CHICAGO — The pressures of leadership can be magnified if the owner of a business feels he or she is all alone. The truth is that networking groups are available to connect with peers are available to are willing to offer advice, a new perspective or just lend an ear to listen.
In Part 1 of this series, we examined some of the newer networking opportunities available in the drycleaning field, and in Part 2, we looked at some that have been around for decades. In Part 3, we took a dive into the networking options cleaners have available to them today. Today, for the conclusion of this series, we’ve asked some cleaners taking part in a peer-to-peer forum what that opportunity means to them.
Snapshots from a Networking Forum
During a recent meeting of the peer-to-peer forum hosted by the Drycleaning & Laundry Institute (DLI), several cleaners offered their opinions about the networking opportunity and what it has meant to them.
“After COVID, when these peer Zoom-to-Zoom meetings began, this was the highest level of networking we’ve ever done,” says Maria Kamperides, owner of Boston-based Columbus Cleaners. “From our perspective, for our size, we had never had this opportunity to meet so many people from all over the country and Canada. I feel the wealth of information that we’ve gained is priceless for us.”
“I don’t think I could have survived a pandemic without these Tuesday calls,” says Ellie Tarnutzer, owner of Lake Mills Cleaners & Dyers in Lake Mills, Wisconsin. “They’ve been a real godsend.”
“Not only have these calls helped us all survive the pandemic,” Kamperides says, “but they have raised the level of our operations. I think we’re all looking to improve — to change and adapt to the new ideas we’ve picked up over the past two-plus years.”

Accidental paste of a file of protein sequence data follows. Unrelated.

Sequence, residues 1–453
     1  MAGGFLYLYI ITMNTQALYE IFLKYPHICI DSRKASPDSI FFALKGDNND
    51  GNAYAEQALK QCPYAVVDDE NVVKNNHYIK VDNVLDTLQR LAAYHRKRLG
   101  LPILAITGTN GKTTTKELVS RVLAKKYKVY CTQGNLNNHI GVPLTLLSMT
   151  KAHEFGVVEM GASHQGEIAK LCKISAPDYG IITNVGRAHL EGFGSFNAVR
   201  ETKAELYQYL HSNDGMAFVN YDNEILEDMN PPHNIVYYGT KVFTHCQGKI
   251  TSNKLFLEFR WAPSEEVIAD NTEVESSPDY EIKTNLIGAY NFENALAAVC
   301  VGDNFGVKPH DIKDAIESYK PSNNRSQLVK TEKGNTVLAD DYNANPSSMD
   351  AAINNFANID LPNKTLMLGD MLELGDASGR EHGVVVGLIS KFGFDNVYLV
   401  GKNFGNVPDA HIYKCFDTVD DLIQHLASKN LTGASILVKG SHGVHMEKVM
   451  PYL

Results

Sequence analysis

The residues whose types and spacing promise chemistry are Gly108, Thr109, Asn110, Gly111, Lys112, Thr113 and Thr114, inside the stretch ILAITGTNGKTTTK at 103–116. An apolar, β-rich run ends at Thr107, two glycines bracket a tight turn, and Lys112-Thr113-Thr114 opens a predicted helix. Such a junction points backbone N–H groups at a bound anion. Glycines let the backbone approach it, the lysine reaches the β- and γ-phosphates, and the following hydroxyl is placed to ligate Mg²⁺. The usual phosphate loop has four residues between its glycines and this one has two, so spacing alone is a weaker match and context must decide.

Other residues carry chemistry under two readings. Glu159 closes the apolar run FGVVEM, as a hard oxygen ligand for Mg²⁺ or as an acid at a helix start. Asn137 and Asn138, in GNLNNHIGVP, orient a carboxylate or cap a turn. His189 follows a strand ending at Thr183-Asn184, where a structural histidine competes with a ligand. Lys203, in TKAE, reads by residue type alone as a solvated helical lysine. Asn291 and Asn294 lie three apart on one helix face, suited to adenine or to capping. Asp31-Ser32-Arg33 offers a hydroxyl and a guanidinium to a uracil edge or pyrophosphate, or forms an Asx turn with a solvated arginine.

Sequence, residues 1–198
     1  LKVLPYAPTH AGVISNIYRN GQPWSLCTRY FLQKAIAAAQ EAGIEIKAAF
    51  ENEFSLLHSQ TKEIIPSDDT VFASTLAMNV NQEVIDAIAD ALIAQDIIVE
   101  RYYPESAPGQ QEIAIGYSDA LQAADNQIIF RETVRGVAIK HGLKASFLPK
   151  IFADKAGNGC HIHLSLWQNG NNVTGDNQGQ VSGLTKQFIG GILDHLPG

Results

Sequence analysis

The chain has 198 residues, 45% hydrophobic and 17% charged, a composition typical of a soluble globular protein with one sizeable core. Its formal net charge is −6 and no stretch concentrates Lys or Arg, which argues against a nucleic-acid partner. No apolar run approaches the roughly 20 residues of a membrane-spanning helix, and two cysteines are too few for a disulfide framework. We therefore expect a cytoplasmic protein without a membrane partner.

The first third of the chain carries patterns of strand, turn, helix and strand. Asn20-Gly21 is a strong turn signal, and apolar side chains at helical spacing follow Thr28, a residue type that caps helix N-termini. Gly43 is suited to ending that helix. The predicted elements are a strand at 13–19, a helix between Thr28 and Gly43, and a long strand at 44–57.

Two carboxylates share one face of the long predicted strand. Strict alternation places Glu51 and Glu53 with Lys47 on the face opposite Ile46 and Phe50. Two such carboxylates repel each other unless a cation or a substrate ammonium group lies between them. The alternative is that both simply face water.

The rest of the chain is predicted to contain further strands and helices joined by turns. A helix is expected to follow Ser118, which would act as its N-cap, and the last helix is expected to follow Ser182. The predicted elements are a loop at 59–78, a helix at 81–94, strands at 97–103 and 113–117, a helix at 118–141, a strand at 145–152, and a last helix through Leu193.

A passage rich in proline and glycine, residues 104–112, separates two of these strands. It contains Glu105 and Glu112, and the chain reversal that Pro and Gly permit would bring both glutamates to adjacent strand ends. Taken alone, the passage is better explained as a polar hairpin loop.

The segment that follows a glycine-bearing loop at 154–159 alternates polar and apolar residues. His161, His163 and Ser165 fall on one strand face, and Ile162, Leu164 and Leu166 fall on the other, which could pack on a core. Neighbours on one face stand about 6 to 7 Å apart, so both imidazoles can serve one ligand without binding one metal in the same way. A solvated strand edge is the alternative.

“Networking allows us to learn more and more about all the problems that are going on throughout the industry, and share the information with each other and get solutions,” says Sidney Chelsky, executive director of the Canadian Fabricare Association. “So, we’re all benefiting from it as a result. There are some tremendous new ideas that I’ve picked up that I’m able to share with our members for their benefit and for them to improve their businesses.”
“I think local networking is so powerful because it gives you a chance to expose yourself to practices and people outside of the industry,” says Norman Way, vice president of Puritan Cleaners in Richmond, Virginia. “It’s amazing when you realize people are dealing with similar problems in a different area, and you hear solutions from a different standpoint. Joe Cocker said it best: ‘I get by with a little help from my friends.’ So, the more friends we have, the more we can get help. It also gives us the opportunity to give back and help others.”
“This was such a blessing to me,” says Rusty Smith, president and CEO of Forenta, a manufacturer of drycleaning finishing equipment based in Morristown, Tennessee. “How often can I get an incredible cross-section across North America of what’s going on in the actual drycleaning store? Before this type of networking, I would have to make phone call after phone call, email after email, and visit after visit to get information that I get here every week. I’ve learned so much about the industry that would have taken hours, weeks, months, years to accumulate.”
Many of the dry cleaners who didn’t survive the past couple of years were those who were determined to go it alone, says Bob Singer, co-owner of the Southern California-based Flair Cleaners.
“They just stood out there like an island and thought they had all the answers,” he says. “People who know how to network, and are willing to network, generally are survivors, and they’ll continue to grow. The industry wound up getting better as a result of the pandemic, and those of us who network will continue to get better and better.”
For Part 1 of this series, click HERE. For Part 2, click HERE. For Part 3, click HERE.
Have a question or comment? E-mail our editor Dave Davis at [email protected].